Jan. 30 (UPI) -- Researchers believe they have identified a pattern of DNA damage that occurs during brain cell division and development and, potentially causes autism.
In findings published Thursday in Cell Stem Cell, scientists from the Salk Institute in La Jolla, Calif., and colleagues observed the pattern in brain cells derived from individuals with a macrocephalic form of autism spectrum disorder, or ASD.
People with macrocephalic ASD typically have abnormally large heads.
"Division, or replication, is one of the most dangerous things that a cell can do," study co-author Rusty Gage, president of the Salk Institute, said in a press release. "Most DNA damage is repaired through a remarkably efficient repair process, but errors occur when the rate of division is altered genetically or environmentally, which can lead to long term functional defects."
ASD is a developmental disorder that affects approximate one in 59 children in the United States, according to the Centers for Disease Control and Prevention. Its exact cause remains unknown.
In 2016, Gage and his colleagues discovered that brain stem cells collected from people with macrocephalic ASD grew more quickly than cells from those who did not have the condition. According to Gage, the finding explained, at least in part, why many people with ASD also have macrocephaly.
In the most recent study, the team analyzed these neural precursor cells, or NPCs, to learn whether DNA damage that occurs during the stress of replication was more common in people with autism. It's common for fast-replicating strands of DNA to accumulate small errors as cells proliferate and mature during embryonic development -- or as a fetus matures in utero.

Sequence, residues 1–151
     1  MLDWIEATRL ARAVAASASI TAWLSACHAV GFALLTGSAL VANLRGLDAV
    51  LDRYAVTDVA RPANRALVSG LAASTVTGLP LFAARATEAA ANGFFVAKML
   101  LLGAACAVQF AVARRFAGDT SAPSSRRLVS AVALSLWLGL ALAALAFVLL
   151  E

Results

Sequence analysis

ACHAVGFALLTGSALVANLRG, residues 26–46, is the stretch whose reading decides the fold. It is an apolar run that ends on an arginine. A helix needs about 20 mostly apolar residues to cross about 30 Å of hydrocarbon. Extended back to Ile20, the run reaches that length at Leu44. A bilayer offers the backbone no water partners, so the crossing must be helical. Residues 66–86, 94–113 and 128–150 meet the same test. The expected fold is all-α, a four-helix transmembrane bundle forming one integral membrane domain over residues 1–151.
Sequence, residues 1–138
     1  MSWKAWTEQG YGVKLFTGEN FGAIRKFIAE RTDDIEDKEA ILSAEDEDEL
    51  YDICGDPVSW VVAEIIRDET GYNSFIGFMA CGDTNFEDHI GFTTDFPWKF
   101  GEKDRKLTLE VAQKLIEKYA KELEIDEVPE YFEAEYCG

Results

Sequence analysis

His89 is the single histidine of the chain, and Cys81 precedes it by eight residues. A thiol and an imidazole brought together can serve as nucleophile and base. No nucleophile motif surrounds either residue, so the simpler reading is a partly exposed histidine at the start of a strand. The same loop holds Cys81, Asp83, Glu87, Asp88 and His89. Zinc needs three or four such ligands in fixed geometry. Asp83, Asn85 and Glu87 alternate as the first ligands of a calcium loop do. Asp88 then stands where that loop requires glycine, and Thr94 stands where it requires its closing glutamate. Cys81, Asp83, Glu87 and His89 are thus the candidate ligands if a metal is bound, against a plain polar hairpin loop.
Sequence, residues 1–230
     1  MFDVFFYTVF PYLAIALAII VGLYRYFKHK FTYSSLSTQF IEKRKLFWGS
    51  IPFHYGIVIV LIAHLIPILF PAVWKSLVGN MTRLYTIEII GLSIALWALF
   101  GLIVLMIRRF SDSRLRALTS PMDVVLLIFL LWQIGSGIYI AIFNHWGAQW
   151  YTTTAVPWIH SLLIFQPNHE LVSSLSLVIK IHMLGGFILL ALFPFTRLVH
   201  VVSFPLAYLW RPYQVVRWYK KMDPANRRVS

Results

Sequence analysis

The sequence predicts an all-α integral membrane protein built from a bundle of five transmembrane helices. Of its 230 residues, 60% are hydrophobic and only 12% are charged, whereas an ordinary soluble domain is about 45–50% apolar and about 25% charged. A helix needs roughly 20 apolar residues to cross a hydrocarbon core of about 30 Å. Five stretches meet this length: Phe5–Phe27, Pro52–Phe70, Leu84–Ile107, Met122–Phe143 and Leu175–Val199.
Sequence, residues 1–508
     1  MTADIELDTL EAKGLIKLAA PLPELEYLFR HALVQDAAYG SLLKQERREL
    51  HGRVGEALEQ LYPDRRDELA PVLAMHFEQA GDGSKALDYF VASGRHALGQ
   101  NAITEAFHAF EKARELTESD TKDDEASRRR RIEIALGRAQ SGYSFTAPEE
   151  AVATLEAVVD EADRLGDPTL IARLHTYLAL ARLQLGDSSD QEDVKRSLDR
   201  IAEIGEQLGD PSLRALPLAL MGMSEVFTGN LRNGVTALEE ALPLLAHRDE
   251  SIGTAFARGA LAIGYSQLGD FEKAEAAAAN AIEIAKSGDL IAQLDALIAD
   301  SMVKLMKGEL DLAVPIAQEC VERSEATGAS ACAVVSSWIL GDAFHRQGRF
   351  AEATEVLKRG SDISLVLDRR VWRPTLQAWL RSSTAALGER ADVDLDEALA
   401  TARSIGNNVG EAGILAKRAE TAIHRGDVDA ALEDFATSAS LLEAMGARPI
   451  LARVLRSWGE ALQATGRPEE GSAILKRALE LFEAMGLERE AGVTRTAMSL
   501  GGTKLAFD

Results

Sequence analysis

Most of these errors are corrected during development and never do any harm.
The researchers collected skin cells from individuals with both ASD and macrocephaly, as well as from individuals without ASD, and used stem-cell reprogramming technology to coax each person's cells into NPCs. A chemical compound was then used to induce replication stress on the NPCs derived from people without autism and studied where DNA damage was most likely to accumulate.
When researches compared this induced damage in cells to naturally accumulated damage in cells from people with autism, they found the NPCs from autistic individuals had heightened levels of DNA damage.
The damage, they report, was clustered in 36 of the same genes that had also been damaged in healthy cells exposed to replication stress. And 20 of the genes had been previously linked to autism in separate genetic studies.
Based on their findings, the researchers believe that fast proliferation of NPCs may lead to both macrocephaly and cellular stress that spurs DNA damage -- which could be one source of mutations associated with ASD.
While the technology used in the study told the researchers where DNA damage occurred, they don't know how much of that damage was repaired before cells matured into adult neurons and how much of it leads to lasting mutations.
"What the new results are telling us is that cells from people with macrocephalic autism not only proliferate more but naturally experience more replication stress," explained co-author Meiyan Wang, a graduate student in the Gage lab at Salk. "We'd like to look deeper at how replication stress and DNA damage affects neuronal function in the long term and whether adult neurons arising from these stem cells have more mutations than usual."